Who wouldn’t like to discover we were just a little bit richer than we thought? Uncovering a stash of unclaimed money can be a gratifying experience for even your highest-net-worth clients.
“High-net-worth clients are no different than anybody else, whether it’s a few hundred or several thousands of dollars of unclaimed money,” says David Schneider, a CFP in New York. “It’s found money, truly, and they’d rather have it than not have it.”
Unclaimed money essentially hides in plain sight: abandoned bank and investment accounts, uncashed dividend checks and paychecks, tax refunds and funds due from canceled insurance policies.
An estimated 2.5 million claims totaling $2.5 billion were returned to rightful owners in 2012, according to the National Association of Unclaimed Property Administrators. The amount of the average claim was $892 — although, of course, wealthy families may be more likely to lose track of greater sums.
“This is something you can do quickly to provide a client with tangible benefits,” says Schneider. “It generally takes less than five minutes to initially find any unclaimed funds that may be out there.” Schneider offers a few tips for advisors who want to help help clients locate and recover unclaimed funds:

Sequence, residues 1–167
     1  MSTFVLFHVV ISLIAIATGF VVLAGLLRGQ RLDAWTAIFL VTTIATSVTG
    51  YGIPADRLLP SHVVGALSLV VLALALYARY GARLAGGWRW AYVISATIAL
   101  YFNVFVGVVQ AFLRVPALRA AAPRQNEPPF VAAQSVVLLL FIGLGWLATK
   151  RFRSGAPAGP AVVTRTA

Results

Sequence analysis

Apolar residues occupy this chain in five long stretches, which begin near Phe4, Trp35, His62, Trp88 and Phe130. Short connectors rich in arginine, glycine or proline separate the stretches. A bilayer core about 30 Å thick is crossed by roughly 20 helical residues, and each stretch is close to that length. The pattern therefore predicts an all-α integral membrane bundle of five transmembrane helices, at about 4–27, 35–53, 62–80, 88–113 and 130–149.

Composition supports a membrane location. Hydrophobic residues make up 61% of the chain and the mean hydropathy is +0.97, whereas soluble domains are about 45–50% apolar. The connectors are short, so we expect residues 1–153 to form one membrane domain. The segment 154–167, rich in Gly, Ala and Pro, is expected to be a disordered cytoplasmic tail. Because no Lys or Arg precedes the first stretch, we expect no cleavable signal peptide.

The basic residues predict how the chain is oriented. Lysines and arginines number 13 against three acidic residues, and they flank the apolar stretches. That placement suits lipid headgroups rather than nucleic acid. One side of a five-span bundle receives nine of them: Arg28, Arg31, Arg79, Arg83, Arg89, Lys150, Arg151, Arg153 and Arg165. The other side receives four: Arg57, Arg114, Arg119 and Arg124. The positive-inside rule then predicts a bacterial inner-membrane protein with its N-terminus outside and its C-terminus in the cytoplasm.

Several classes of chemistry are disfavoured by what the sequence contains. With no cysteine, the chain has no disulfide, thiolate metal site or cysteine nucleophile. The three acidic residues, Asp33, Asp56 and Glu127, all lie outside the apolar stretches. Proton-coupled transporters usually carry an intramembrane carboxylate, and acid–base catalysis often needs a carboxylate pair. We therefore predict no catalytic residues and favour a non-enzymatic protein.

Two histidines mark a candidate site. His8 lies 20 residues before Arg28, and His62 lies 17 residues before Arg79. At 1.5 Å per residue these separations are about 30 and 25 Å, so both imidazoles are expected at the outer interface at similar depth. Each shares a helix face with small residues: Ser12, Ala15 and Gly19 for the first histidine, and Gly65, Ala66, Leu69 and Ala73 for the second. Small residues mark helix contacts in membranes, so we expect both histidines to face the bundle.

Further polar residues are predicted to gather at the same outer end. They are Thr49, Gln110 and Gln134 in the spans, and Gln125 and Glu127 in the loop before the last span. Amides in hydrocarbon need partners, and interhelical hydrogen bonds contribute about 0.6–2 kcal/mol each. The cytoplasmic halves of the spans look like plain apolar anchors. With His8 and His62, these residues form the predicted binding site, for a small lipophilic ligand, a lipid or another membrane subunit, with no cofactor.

1. Look online. Missingmoney.com, a site endorsed by the National Association of Unclaimed Property Administrators, lets you search in many states at once, free of charge. If your client’s state of residence is not listed there, unclaimed.org has links to unclaimed-fund programs for each state.
2. Be thorough. Search in all states where the client may have lived; funds may have gone missing many decades ago. Search maiden names, trusts or any businesses the client may have owned.
3. Include client family members. Performing these searches is a good way to facilitate an introduction to these family members, who could become future clients.
4. Verify before filing. Be sure that the funds in question really belong to your client and not someone with a similar name. Claiming funds that don’t belong to you is fraud. Any money the advisor helps locate must by law necessarily go to the client directly.
5. Document carefully. The documents required to complete the claim will vary depending on the amount of money involved and how much information the state already has. Failure to provide proper documentation will almost certainly delay the processing of your claim; no unclaimed-property administrator wants to pay out funds to anybody other than the rightful owner.
When the amount of money is particularly small, the hassles involved in a claim may not be worth it, Schneider says. Yet he suggests that advisors conduct searches for unclaimed funds when onboarding new clients, and periodically as well: “This is a fairly easy process in most cases.”
Bruce W. Fraser, a New York financial writer, has contributed to CNBC.com, The New York Daily News and the Christian Science Monitor.
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